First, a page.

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Old 05-08-2022, 10:49 AM   #1
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Can I add an anti-siphon to my overflows?

Finally got around to pulling the corroplast down from under my fresh tank. Turns out, that was easy. They used a nice wooden strip across the main frame members and used normal screws to attach the corroplast. Nice.

I have always had issues with my overflows on my fresh tank when I filled up. They would siphon a lot of water out of the fresh tank. Now that I can see the install, I can see how a lot of slosh going down the road combined with siphoning would do that.

My question: Would there be any benefit to trying to install anti-siphons where the overflow exits the tank at the side? I may be able to get that elbow off, but maybe not. It was installed before the fresh tank was installed and there isn't enough room to turn the elbow because it hits the flooring above. I might be able to find a way to remove it if the recommendation is that an anti-siphon would help.

There are two overflow outlets, one on each side.

Whadya think?

The overflow is the one on the right. The one on the left is the fill.
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Old 05-08-2022, 11:26 AM   #2
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Holding tank "overflow" is typically the tank vent tube and you say you have 2. I see a vent (overflow), a fill and either a drain or water pump tube. If a drain could the other side tube be the water pump feed? Just thoughts. Siphoning has been an ongoing pia for a long time.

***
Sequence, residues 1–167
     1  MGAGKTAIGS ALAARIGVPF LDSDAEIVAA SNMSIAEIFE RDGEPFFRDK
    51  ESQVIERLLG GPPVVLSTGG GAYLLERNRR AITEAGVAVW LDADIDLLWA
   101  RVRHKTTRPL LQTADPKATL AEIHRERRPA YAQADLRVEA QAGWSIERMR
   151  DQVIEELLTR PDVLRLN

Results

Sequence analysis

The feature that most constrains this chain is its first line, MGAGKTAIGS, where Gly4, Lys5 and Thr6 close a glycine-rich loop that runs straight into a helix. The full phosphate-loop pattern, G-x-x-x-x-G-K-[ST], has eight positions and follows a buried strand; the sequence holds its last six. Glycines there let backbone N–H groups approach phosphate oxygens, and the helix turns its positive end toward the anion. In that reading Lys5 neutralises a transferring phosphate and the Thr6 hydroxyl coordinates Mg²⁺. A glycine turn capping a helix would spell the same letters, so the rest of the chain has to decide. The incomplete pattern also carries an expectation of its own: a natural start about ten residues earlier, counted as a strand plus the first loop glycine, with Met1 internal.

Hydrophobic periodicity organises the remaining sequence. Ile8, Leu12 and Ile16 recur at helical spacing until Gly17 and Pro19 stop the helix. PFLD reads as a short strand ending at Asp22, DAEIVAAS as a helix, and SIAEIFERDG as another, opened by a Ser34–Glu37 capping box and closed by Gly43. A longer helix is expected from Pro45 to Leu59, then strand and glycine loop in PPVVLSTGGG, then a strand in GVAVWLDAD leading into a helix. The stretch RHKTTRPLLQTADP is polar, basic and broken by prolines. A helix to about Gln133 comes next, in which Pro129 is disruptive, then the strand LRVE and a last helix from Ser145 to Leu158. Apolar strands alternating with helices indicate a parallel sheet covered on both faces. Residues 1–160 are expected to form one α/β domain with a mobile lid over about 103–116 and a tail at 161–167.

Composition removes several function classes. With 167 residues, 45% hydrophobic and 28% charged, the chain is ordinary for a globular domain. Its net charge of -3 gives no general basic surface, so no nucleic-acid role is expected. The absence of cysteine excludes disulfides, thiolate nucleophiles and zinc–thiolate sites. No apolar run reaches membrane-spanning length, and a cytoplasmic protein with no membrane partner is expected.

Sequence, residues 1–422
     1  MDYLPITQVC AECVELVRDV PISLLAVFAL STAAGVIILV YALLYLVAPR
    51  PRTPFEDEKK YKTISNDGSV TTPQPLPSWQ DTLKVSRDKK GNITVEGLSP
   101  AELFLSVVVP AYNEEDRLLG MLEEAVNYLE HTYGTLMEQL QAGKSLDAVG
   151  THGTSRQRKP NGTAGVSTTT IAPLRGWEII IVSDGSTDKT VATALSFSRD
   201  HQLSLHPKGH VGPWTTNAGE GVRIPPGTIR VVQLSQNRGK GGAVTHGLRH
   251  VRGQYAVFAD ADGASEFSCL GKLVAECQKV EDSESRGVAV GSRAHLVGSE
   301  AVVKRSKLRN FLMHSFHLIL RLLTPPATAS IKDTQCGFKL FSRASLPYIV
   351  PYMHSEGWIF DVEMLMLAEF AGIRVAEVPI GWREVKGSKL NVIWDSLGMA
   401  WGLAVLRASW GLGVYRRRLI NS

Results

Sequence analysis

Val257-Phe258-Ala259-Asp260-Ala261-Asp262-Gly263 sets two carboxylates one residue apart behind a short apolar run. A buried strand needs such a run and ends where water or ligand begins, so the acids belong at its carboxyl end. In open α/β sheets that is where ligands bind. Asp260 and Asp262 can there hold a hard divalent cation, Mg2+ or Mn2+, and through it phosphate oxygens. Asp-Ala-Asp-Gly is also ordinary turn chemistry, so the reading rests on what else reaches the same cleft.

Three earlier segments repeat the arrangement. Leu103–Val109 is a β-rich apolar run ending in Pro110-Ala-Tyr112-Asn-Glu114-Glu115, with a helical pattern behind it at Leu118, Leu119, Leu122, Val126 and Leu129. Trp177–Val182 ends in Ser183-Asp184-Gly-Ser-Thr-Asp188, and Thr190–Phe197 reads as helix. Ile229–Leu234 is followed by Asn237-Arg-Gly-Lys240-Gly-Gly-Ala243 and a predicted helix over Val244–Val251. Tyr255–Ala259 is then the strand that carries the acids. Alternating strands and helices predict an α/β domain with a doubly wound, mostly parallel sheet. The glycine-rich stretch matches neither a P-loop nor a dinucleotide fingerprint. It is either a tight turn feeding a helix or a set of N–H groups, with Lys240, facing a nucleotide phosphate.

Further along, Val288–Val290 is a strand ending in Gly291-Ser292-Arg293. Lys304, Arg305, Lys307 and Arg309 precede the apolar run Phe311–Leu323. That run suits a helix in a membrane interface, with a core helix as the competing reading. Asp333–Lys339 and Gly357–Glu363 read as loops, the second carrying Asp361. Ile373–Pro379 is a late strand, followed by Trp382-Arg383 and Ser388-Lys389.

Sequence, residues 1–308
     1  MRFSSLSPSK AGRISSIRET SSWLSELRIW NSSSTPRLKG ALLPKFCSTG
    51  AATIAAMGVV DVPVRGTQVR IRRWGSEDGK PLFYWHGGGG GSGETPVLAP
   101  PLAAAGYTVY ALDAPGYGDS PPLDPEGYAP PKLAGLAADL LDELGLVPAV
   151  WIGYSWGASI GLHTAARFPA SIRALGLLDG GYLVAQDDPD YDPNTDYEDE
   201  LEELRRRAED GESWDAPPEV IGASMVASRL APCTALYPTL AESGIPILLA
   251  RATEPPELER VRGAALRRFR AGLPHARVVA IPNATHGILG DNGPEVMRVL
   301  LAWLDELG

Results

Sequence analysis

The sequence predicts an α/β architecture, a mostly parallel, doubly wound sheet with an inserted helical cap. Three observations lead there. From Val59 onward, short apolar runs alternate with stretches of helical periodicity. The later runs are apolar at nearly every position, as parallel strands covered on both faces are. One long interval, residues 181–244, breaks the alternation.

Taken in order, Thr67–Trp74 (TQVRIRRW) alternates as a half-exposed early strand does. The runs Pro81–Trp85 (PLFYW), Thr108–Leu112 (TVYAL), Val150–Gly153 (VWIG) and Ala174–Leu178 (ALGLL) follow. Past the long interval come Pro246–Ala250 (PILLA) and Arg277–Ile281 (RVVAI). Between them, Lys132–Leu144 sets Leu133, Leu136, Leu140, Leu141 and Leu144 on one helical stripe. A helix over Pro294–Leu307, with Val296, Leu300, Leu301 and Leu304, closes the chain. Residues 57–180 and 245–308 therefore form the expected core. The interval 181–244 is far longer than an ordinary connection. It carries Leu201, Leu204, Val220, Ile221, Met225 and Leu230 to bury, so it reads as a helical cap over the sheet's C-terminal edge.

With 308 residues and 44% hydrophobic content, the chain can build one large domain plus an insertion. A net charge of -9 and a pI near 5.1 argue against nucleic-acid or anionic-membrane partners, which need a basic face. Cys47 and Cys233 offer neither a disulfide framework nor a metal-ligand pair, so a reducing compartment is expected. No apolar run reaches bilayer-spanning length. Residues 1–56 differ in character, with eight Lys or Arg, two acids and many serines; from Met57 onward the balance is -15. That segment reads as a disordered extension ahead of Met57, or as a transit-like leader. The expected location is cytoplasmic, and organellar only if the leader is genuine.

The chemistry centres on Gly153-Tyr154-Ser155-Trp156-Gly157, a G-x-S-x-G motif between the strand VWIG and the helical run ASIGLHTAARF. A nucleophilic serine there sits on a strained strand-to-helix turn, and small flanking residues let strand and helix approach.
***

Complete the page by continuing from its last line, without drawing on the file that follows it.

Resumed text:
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Old 05-08-2022, 12:23 PM   #3
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Holding tank "overflow" is typically the tank vent tube and you say you have 2. I see a vent (overflow), a fill and either a drain or water pump tube. If a drain could the other side tube be the water pump feed? Just thoughts. Siphoning has been an ongoing pia for a long time.
The second over flow is on the other end of the tank.
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Old 05-08-2022, 04:52 PM   #4
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Well, if you have 2 overflows just cap off the one that is giving you issues. Only one vent is needed, and the other overflow can act as that.
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Old 05-08-2022, 11:41 PM   #5
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A anti siphon/check valve can not be used on a tank vent. When filling the tank the air in the tank must be able to exit. When drawing water out of the tank air must be able to flow in or the tank will collapse due to the negative pressure inside.